I red in some of your older interviews that you would like to go to Boston but you are not doing it out of fear you might decide to stay there? I understood it like an artistic nostalgia?
I have not been to Boston for quite some time, 6 years or more...I did not mean it only in that regard though. I like the US a lot, it is a big country....if we talk about music, the comparison would not only be to [the former Yugoslav Republic of] Macedonia, or the Balkans, but Europe overall. Some of the music done here in the Balkans, is actually much more interesting than what happens in Europe... for example, some of the best jazz musicians I have heard were in Tirana [Albania] and Pristina [Kosovo]. This sounds a bit crazy I know. If you do not hear it, or feel it by yourself, you cannot believe it. People who are essentially self-taught, and since they did not know what they should learn – they learned everything. They have their individual expression, and no ego-trips.
Then, professionally you are comfortable in this part of the world?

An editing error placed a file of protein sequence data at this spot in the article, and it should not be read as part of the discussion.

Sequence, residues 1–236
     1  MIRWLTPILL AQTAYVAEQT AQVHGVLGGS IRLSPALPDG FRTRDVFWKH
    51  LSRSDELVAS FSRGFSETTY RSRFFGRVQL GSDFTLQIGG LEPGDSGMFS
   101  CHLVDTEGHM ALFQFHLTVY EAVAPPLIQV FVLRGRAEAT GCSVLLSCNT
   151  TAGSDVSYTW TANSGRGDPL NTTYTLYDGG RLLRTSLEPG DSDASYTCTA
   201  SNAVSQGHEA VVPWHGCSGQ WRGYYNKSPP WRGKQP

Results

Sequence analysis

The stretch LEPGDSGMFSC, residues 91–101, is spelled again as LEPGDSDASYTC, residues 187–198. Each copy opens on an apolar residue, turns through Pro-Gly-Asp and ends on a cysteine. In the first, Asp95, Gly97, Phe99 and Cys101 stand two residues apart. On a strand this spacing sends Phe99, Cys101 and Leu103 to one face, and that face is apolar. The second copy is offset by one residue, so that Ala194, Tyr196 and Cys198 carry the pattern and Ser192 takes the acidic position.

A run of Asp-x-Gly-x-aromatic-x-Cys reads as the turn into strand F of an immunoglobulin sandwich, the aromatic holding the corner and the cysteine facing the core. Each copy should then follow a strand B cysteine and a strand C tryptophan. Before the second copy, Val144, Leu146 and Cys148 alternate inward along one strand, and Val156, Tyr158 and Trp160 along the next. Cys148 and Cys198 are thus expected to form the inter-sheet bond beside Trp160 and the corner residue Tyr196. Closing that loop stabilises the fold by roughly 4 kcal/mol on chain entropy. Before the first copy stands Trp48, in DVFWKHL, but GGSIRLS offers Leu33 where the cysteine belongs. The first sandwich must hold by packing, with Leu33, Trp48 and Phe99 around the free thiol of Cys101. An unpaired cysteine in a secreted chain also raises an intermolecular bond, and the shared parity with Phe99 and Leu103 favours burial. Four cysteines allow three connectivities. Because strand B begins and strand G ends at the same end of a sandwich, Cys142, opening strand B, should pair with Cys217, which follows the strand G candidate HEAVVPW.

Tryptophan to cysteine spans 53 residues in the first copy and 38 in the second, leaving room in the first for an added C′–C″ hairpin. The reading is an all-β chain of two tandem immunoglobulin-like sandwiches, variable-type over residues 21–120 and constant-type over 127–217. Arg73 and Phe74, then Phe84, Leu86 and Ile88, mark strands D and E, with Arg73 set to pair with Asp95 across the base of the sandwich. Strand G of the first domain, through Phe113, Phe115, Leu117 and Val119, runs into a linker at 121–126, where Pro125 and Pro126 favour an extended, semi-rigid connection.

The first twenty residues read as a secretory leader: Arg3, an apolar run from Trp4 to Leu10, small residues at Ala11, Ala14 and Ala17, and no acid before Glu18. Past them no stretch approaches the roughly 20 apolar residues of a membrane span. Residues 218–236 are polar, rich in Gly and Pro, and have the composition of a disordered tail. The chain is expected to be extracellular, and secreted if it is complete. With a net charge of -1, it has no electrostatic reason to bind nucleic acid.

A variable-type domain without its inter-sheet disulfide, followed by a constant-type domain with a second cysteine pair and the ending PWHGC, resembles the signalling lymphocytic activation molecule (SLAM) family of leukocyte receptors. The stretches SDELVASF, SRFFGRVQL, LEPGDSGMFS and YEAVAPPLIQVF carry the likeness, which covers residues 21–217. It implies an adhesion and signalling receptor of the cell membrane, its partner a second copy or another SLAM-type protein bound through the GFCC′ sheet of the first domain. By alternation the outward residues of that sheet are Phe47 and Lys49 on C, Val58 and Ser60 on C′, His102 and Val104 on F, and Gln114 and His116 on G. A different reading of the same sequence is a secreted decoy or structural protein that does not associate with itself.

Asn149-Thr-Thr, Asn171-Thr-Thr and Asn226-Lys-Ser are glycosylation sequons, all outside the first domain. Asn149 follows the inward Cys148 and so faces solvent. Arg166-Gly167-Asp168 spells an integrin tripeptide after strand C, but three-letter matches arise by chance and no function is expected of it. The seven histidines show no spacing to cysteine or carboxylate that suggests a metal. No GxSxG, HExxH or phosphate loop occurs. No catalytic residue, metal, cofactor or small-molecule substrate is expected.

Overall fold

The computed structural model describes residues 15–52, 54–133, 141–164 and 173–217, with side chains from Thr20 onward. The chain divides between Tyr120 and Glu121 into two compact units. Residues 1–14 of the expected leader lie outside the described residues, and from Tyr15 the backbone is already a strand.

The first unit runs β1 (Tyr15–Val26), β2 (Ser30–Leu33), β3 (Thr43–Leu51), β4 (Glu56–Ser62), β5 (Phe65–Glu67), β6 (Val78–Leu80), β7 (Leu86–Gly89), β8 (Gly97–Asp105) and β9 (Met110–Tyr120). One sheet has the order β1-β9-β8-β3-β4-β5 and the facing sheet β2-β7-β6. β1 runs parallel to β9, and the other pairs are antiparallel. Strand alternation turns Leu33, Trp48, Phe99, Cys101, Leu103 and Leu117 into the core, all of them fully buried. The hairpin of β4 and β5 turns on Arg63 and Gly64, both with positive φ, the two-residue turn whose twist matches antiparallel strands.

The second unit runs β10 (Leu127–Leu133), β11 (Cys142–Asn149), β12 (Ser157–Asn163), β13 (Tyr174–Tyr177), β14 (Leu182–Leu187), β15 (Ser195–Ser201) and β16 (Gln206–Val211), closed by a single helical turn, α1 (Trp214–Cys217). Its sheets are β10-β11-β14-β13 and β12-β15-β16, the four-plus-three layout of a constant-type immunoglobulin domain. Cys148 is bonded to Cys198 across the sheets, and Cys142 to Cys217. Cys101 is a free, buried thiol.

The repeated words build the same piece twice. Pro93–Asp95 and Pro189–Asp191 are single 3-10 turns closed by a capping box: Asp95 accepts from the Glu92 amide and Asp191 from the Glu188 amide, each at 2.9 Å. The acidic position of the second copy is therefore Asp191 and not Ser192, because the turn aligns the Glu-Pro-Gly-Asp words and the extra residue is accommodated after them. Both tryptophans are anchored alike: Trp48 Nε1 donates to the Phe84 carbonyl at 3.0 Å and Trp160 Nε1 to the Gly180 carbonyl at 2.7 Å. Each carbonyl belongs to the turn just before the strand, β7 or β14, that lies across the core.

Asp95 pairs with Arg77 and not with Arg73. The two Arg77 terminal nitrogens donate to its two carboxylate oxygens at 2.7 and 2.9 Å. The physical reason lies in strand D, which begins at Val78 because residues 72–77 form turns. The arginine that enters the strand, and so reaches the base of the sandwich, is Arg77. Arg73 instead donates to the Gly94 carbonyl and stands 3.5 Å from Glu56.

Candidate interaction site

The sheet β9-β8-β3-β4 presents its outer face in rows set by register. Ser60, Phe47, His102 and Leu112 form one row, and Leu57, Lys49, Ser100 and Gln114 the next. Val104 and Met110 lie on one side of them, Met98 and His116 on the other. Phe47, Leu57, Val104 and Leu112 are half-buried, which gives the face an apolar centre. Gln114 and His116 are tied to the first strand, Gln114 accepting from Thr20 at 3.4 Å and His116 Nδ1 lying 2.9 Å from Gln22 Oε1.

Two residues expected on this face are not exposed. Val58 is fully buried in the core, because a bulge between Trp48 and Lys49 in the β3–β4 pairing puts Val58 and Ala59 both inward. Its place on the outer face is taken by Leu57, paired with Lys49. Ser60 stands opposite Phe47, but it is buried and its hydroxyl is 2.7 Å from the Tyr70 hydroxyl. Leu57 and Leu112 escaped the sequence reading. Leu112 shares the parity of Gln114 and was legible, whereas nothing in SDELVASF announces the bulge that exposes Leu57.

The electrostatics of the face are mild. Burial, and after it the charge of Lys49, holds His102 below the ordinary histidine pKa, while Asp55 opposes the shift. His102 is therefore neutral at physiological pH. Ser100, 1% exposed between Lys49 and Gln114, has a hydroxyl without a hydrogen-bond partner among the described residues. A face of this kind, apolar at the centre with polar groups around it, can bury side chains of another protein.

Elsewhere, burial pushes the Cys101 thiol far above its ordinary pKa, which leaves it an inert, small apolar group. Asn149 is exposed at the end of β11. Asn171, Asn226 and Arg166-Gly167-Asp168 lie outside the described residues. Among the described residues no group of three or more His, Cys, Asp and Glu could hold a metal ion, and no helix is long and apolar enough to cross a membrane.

I feel good. Even too good (laughs)...
I read you once said that with a good drummer and a good bass player you can feel good anywhere...
That is true (laughs).
Is there are project you are dreaming about?
Honestly, I am living my dreams. I am doing exactly what I want to do. When I do music, I start thinking about it, and by the time I have written it down, I do not even need to hear it any more. I have already heard it in my head. But there are people who I feel close to like artists and friends, and this is what I enjoy – to work with them. And if I work well with someone, some instrumentalist, I really do not have the need to change that. I can play with them forever.
You were one of the founders of the Jazz Academy in Štip (town in Eastern part of the former Yugoslav Republic of Macedonia, author’s note), How is this project coming along?
It is good that young people have the opportunity, a place to study, if they want. Perhaps I am not a strong believer in institutional education, especially of jazz education....
Yet you said in the past you were impressed with how jazz was taught at Berklee, where you studied yourself? That the methodology of teaching was important...
True, it is. But I think you essentially learn because you get to work, collaborate with other people, who as yourself are in love with the same thing. Some of them are more experienced and are called professors....
Do you like working with students?
I adore them. They are all great. It is about nurturing what they bring in as energy, individual sensibility, minding that they stay on the right path...although it is also hard. I now understand it is difficult to work both professionally as a musician and as professor. I feel overloaded at times. But it is good; all of them would have had to go elsewhere if it wasn’t for the school in Štip. Now they can stay home, have more accessible education.